How friction-less technology is giving newsgatherers their freedom back - TVBEurope

How friction-less technology is giving newsgatherers their freedom back

Stuart Almond, Head of Marketing and Communications, Media Solutions at Sony Professional Solutions Europe, investigates
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With the current lightning-fast news cycle and decline in press freedom, it’s more critical than ever for news broadcasters’ field journalists to be able to create stories without barriers.

This starts with friction-less technology.

The evolution of news

Looking back through history, technology has changed the face of journalism. In 1800, the first hand-operated printing press producing newspapers kickstarted mass communication. During the nineteenth century this accelerated when the harnessing of electricity and the introduction of the telegraphy enabled newspaper publishers to collect and share information faster than ever before.

Now, fast forwarding 150 years, we find ourselves in a digital age where the Internet and mobile technologies have reached a zenith. The popularity and availability of smartphones, laptops and ever-increasing bandwidth has made it even more possible to find, capture, compile, edit and file or transmit stories from almost anyone and anywhere in the world. Real-time journalism is a real and accelerating paradigm.

But with global press freedom declining to its lowest point in 13 years according to the 2017 Freedom of the Press report, there are unprecedented threats to journalists and media outlets in major democracies and new moves by authoritarian states to control the media, including beyond their borders. Despite what we might think, editorial constraints worldwide are rife, with only 13 percent of the world’s population enjoying a free press and a media environment where coverage of political news is robust and where the safety of journalists is guaranteed.

Vying for attention

Not only are newsgatherers battling for freedom. In an era of ‘fake news’ they also face an uphill battle to capture the attention of viewers who are inundated with information and content in an ever-expanding mass of media. The latest finding by the Digital News Report from the Reuters Institute for the Study of Journalism revealed that a third of people (of more than 70,000 consumers polled across 36 countries) claimed they don’t feel they can rely on the news to be true.

As fake news has been found to reach more people and spread six times faster than real news (MIT), staying ahead of the curve to share stories as they break and disseminating fact as quickly as possible to cut through the noise is more critical than ever.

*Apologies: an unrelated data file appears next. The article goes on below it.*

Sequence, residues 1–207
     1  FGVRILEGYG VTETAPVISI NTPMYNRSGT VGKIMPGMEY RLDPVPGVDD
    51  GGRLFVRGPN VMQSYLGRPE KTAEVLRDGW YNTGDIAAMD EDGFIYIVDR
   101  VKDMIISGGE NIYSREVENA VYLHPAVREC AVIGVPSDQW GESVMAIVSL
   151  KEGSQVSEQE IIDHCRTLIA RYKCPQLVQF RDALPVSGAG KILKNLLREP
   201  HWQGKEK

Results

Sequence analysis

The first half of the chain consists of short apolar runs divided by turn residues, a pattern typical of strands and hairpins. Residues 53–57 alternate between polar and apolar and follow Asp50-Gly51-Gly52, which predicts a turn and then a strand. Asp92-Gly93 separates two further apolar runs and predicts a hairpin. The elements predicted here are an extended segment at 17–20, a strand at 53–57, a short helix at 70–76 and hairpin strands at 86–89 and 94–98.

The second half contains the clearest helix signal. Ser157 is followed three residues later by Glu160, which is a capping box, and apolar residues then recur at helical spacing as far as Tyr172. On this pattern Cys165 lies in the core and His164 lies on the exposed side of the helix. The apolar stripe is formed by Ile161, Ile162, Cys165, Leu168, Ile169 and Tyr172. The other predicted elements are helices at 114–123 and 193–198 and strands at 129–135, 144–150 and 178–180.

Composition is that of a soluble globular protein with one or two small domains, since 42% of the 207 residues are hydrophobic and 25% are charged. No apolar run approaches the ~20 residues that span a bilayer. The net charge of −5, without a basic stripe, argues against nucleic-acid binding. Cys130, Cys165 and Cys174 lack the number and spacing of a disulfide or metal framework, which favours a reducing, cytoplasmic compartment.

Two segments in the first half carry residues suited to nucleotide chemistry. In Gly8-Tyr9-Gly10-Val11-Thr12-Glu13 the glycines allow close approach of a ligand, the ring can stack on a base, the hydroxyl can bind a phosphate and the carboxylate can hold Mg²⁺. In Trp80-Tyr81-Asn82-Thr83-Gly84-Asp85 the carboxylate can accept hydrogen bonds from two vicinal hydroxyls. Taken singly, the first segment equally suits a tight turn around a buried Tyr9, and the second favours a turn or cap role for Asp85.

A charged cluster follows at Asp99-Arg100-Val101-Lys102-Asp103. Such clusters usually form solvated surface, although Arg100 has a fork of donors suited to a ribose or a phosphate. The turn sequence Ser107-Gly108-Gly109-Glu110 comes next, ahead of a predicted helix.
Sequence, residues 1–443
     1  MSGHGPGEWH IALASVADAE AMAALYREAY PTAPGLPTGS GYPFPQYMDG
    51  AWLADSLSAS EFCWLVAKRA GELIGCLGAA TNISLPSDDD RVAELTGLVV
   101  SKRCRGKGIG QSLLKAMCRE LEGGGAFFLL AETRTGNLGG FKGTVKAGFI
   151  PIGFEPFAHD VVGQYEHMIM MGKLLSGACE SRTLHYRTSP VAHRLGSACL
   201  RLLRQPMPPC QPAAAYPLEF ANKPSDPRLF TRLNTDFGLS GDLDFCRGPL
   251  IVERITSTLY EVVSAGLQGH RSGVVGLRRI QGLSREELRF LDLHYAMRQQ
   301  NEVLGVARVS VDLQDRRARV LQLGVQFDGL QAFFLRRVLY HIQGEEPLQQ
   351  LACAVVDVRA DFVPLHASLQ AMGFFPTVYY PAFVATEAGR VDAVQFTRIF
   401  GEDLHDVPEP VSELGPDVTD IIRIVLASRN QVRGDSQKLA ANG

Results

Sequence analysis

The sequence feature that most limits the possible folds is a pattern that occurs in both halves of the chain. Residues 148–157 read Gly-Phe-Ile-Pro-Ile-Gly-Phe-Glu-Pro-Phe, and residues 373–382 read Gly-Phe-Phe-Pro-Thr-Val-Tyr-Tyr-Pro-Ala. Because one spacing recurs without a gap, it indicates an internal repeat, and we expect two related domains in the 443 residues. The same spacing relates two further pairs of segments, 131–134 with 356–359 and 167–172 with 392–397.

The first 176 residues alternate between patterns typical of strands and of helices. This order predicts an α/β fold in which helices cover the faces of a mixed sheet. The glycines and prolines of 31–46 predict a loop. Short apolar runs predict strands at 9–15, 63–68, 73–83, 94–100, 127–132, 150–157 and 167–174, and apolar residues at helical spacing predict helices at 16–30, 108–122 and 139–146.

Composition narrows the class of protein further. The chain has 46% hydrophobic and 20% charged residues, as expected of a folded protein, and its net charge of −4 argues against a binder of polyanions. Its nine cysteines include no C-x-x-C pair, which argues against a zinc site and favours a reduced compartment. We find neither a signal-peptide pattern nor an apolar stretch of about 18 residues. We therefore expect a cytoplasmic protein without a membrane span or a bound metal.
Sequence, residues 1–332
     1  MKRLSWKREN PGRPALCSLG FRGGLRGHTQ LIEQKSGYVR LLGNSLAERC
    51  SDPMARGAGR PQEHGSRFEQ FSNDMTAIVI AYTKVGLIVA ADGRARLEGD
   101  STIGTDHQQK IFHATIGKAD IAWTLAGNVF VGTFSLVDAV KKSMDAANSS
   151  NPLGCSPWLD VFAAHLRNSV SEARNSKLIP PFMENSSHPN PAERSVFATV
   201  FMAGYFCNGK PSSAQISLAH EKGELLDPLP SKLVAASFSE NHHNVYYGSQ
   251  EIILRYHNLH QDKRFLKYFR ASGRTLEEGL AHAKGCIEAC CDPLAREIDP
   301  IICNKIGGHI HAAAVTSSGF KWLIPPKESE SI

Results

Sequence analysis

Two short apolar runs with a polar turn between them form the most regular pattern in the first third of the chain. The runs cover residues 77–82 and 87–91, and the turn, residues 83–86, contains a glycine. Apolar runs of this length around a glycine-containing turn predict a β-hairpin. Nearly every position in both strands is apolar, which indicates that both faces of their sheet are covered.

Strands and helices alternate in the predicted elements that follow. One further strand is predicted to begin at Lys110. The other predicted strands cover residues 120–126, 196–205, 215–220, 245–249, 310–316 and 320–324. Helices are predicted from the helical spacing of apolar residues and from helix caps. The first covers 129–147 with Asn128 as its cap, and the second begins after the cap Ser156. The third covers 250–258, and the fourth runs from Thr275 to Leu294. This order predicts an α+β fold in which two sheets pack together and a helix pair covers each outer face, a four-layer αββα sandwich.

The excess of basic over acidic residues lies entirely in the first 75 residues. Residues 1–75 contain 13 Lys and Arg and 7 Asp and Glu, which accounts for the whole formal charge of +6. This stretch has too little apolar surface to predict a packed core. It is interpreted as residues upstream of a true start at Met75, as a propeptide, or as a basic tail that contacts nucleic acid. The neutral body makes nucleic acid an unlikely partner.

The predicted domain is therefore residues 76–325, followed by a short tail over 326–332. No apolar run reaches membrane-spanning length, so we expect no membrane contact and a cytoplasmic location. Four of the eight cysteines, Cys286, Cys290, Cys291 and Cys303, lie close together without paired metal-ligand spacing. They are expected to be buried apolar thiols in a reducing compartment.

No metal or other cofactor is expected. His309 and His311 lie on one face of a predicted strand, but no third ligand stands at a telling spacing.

In the sixth annual Digital News Report, lead author Nick Newman claimed that “fake news could be the best thing that has happened to journalism in a long while. It’s an opportunity to re-establish the value of mainstream brands and focus on quality.” I have a feeling he may just be right.

Transformative tech

In this current climate, technology is part of this re-established value. Frictionless tech can empower news organisations to become truly story-centric by enabling stories to be captured, shared and accessed 24/7 and accessible from anywhere.

Out in the field, journalists need to be able to report without technological restraints; they need equipment that allows them to create and instantly share information with news rooms. This means access to cameras or smartphones that are easy to use, microphones that record without interruption and editing tools as well as news production technology, like Media Backbone Hive, that can be used anywhere. After all, being a field journalist, you do not want to be tied to a desk.

With technologies like Hive letting online, TV and radio news teams access shared content from anywhere at any time, news organisations can free up their journalists to produce more content (and a wider breath of content), quickly and easily from anywhere in the world - wherever political and editorial restraints will allow.

However, for a TV news broadcaster, and in fact any journalist or news-producing outlet, time is a challenge in itself. There is never enough of it and a deadline is always looming. Before the arrival of the internet, deadlines made the news world go around, but in the 24/7 world of live blogging and social media, every minute of every day is a deadline. Broadcasters now grapple with creating compelling content, in less time, with the same amount of people, and being first with the story.

With news becoming more time-critical than ever, newsroom systems are undergoing a period of continual advancement. Journalists can quickly search the entire newsroom system to find what they need, either archived content or material arriving right at that moment – diminishing editorial constraints and giving journalists freedom to share news quickly.

This all starts and ends with friction-less technology to give newsgatherers their freedom back to create and share stories without any barriers. Ultimately getting ahead of the curve to get news out there in real-time. 

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